I have a new love.
Yes, I know I've already proclaimed that once on this blog before. I was talking about paddling. I still love it. I just also love caterpillars. Yes caterpillars, you read me right.
One of the cool things about being a naturalist is that I 'have' to learn about stuff like this. Working in a park district allows me to let my inner dork out- and believe me, you have no idea- I had no idea- just how much of a 'dork' I am. But I love it, my dorkiness because, well this stuff is really cool! If you look at any of the following pictures and don't think in your head for just one moment 'whoa' or something along those lines...well, I'm not sure cause I'm pretty much banking on your amazement here!
A little background on caterpillars. Caterpillars are the larvae of moths or butterflies, order Lepidoptera. There are 13,000 species of Lepidoptera north of Mexico and 5,000 of those occur east of the Mississippi. That's a lot! The more species there are, the more chances you have of seeing them!
In general (read-there are exceptions), the big difference between moths and butterflies is that moths fly at night and butterflies during the day. Lepidoptera have four life stages- egg, larva (caterpillar), pupa (crysalis for butterflies, cocoons for moths) and adult (moth or butterfly).
Caterpillars have six legs (all insects do, by the way). They also have prolegs that are equipped with little hooks called crochets. These help the the cat hang on to the substrate. They have six pairs of eyes called stemmata positioned in a semicircle on each side of its head. They see changes of light but no real images. Caterpillars breath through spiracles or respiratory pores on the sides of the body. The silk a cat produces is released by the spinneret on the lower side of the head. Enough anatomy.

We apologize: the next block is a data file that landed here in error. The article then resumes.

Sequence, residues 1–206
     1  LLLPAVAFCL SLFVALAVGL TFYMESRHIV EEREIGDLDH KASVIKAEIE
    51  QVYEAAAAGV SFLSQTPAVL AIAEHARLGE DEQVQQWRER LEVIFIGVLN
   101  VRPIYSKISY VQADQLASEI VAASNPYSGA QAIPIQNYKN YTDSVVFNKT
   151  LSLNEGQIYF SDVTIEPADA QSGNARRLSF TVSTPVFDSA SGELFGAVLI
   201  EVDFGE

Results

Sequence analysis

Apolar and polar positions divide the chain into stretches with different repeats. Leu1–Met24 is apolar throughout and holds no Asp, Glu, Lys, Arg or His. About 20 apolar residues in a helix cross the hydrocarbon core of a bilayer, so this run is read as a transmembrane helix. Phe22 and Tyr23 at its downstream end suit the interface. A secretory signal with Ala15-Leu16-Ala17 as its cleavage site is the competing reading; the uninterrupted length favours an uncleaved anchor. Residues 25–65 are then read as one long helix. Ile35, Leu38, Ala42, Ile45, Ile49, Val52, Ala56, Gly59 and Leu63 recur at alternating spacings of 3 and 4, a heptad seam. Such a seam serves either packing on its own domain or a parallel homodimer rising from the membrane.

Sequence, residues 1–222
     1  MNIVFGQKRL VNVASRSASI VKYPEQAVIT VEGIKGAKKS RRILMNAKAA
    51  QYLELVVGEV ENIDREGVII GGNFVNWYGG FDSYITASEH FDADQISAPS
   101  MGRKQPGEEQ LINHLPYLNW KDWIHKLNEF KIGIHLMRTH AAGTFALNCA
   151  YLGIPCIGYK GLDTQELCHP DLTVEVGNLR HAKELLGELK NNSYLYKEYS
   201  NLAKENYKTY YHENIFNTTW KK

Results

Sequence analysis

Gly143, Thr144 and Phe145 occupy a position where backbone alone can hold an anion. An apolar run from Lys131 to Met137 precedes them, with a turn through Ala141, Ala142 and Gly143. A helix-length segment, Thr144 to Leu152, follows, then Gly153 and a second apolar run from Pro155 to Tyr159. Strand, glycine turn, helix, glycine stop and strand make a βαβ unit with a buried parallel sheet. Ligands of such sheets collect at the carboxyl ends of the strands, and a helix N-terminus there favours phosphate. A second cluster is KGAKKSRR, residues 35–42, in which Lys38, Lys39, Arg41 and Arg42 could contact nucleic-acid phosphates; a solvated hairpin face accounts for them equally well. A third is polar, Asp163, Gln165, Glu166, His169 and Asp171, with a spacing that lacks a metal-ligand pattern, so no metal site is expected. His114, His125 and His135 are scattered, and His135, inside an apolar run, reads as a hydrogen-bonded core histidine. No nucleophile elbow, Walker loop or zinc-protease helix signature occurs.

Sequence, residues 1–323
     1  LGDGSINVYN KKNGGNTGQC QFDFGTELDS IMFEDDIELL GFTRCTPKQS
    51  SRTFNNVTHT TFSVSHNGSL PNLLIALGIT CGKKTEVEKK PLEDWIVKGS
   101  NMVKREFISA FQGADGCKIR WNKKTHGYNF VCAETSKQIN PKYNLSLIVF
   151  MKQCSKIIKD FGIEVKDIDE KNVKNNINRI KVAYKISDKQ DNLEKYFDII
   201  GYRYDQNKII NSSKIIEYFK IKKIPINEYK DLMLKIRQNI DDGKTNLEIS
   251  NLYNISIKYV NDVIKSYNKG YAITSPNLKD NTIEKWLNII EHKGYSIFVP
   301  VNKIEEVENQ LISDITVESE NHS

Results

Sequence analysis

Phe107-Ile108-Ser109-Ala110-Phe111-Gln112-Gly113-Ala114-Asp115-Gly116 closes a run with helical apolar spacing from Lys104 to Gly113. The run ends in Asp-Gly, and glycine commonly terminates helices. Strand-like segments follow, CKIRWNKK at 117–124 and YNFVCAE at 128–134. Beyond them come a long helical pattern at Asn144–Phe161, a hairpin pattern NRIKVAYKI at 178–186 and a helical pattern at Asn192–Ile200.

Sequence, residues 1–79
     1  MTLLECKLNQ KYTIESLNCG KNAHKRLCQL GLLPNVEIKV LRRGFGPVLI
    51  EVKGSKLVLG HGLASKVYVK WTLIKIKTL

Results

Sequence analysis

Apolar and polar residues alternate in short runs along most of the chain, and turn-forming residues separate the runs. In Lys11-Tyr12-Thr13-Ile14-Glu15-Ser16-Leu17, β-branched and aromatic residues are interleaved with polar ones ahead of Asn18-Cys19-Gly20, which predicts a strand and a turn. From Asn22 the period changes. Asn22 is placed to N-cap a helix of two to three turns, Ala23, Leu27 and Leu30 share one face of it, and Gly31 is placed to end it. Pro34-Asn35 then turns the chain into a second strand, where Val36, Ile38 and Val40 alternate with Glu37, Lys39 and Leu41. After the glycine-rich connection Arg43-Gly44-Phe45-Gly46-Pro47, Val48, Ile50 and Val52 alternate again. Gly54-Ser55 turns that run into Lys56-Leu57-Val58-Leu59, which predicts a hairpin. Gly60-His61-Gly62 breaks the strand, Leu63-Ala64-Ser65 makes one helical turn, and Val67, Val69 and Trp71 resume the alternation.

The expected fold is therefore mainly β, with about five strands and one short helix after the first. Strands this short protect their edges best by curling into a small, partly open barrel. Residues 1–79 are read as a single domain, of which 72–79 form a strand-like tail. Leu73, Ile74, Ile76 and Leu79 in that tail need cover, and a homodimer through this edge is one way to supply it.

Caterpillars eat a variety of food plants. Whenever you find a cat, be sure to note what you find it on. It can often help in identification later. Another tip when looking for caterpillars- go at night. Caterpillars play an integral role in the food chain. Their primary predator is...I'll give you a hint, they have wings! Birds are active during the day so caterpillars hide as best they can, either as cool leaf mimics or simply buried in the leaf litter below their food plants.
Onto the caterpillar photos you have by now checked out. The first caterpillar was one I had been secretly pining to see. The Beautiful Wood Nymph. Pictured also is the moth. I saw this beauty at a porch light in Hocking during the summer of 2011.
The Saddleback caterpillar is always a crowd pleaser with its stinging spires and ghoulish eyes. How awesome is that? I even painted my pumpkin in its likeness this year! Moving onto the Monkey slug. I think it looks like a pipe cleaner after my 3 year old niece got ahold of it. These caterpillars are said to be tarantula mimics. Yes, the tarantula spider. What does that spider have to do with a caterpillar? Birds eat caterpillars. Birds migrate from the neotropics north during the summer months. Tarantulas live in the neotropics. Birds do not eat tarantulas. Makes sense to me!
The last cat I'll leave you with is the Waved Sphinx. This stunner was found on an ash tree on a deserted gravel road next to a cemetery in Kentucky. Caterpillar hunting is definitely not for the faint of heart!
I have a bunch of other cool cats to share with you so be sure to check back in the coming weeks!